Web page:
Though Romney held a news conference late Monday at which he admitted he had not “elegantly stated” his point, he has since tried to recast the comments as conservative straight talk; “The president’s view is one of a larger government; I disagree,” Romney told Fox News.
Not all Republican analysts think that was the right way to calm the storm. “He should have simply said he was wrong,” Bowman said. “Of all the problems Romney has had thus far, this is the most devastating.”
The likeability gap
Once the furore over the video subsides, Romney still faces obstacles in his path to the White House. Despite the sluggish economic recovery, along with recent protests against US consulates and embassies abroad, Obama has remained on top in most national polls since the Democratic convention earlier this month. Surveys also show the president ahead in several crucial swing states like Ohio, Virginia, and Florida.
Pundits generally agree that Obama is benefiting from a so-called “likeability gap”: the fact that despite some unpopular policies, a majority of Americans have positive feelings toward him as a person (57%, according to the latest CNN poll), while Romney consistently scores below 50% on the question.
A Washington Post/ABC survey carried out this month revealed that when asked which candidate they would rather have over to their home for dinner, 52% of respondents chose Obama and only 33% Romney.
And despite well-documented disillusionment among Americans of all leanings, data suggests that the bond between the first African-American president and many US voters is fairly durable; most people, including 62% of moderates, still blame former president George W. Bush and Republicans for current economic woes, according to a recent CNN poll.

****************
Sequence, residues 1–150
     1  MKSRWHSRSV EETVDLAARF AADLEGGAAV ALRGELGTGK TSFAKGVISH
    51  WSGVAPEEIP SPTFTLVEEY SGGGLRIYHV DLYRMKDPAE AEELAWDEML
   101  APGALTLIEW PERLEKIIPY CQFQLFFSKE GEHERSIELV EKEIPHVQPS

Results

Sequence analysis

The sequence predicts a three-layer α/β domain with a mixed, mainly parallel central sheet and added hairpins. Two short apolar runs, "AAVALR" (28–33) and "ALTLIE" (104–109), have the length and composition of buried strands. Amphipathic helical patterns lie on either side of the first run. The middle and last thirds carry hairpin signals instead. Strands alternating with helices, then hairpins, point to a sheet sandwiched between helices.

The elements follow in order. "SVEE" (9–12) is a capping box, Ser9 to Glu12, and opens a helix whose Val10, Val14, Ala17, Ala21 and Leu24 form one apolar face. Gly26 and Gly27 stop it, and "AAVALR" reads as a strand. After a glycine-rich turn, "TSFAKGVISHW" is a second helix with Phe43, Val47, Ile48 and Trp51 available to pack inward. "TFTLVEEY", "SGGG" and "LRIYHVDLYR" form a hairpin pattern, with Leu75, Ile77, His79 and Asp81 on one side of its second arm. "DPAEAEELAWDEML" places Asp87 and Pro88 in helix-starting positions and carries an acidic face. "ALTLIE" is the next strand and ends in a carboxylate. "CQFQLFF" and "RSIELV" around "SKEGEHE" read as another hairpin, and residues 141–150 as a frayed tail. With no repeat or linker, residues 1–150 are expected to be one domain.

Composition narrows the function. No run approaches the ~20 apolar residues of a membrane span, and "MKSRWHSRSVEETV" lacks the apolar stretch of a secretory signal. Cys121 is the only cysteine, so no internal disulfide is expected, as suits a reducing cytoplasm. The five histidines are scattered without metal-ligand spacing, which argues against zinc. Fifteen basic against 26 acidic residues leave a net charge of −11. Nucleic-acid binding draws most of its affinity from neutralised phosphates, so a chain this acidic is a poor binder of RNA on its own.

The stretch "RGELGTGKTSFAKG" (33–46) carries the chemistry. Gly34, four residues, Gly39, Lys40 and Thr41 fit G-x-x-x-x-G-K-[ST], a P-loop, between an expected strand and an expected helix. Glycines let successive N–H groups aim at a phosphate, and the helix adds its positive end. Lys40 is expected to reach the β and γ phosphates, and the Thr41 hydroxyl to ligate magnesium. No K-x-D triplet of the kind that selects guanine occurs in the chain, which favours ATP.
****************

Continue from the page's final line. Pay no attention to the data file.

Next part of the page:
A common observation among analysts is that Romney underestimated Americans’ attachment to Obama, and has not been sufficiently active in trying to woo them away. “He hasn’t been on the campaign trail enough in the last few weeks. I don’t understand that decision,” Bowman said. “Maybe the reason they’ve kept him under wraps is that they’re worried about how he’ll respond to various situations in public.”
Perhaps the most important factor impeding Romney’s presidential bid remains beyond his control: demographic shifts in the American electorate. African-Americans, Hispanics, unmarried women, young voters, and those with college degrees, all key sources of Obama support, make up a growing share of the voting public; conversely, the proportion of white working-class men, the group Obama has the greatest difficulty attracting, is on the decline.
Romney can take comfort, however, in the fact that there is no guarantee that the growing ranks of presumptive Obama supporters will flock to the polls on election day. Though African-Americans are predicted to turn out in high numbers, as they did in 2008, it remains to be seen whether Obama’s other main constituencies do the same. Surveys gauging voter enthusiasm suggest they may not.
As for the Romney camp’s hope that the three debates scheduled for October will help Romney pull ahead of Obama, the growing consensus seems to be that they won’t. “Romney and Obama are both very good debaters,” Bowman noted. “The debates probably won’t change anything.”
If that’s true, Romney may be running out of chances to turn this race around.
“Obama is very likely to win re-election,” The Brookings Institution’s Thomas Mann asserted.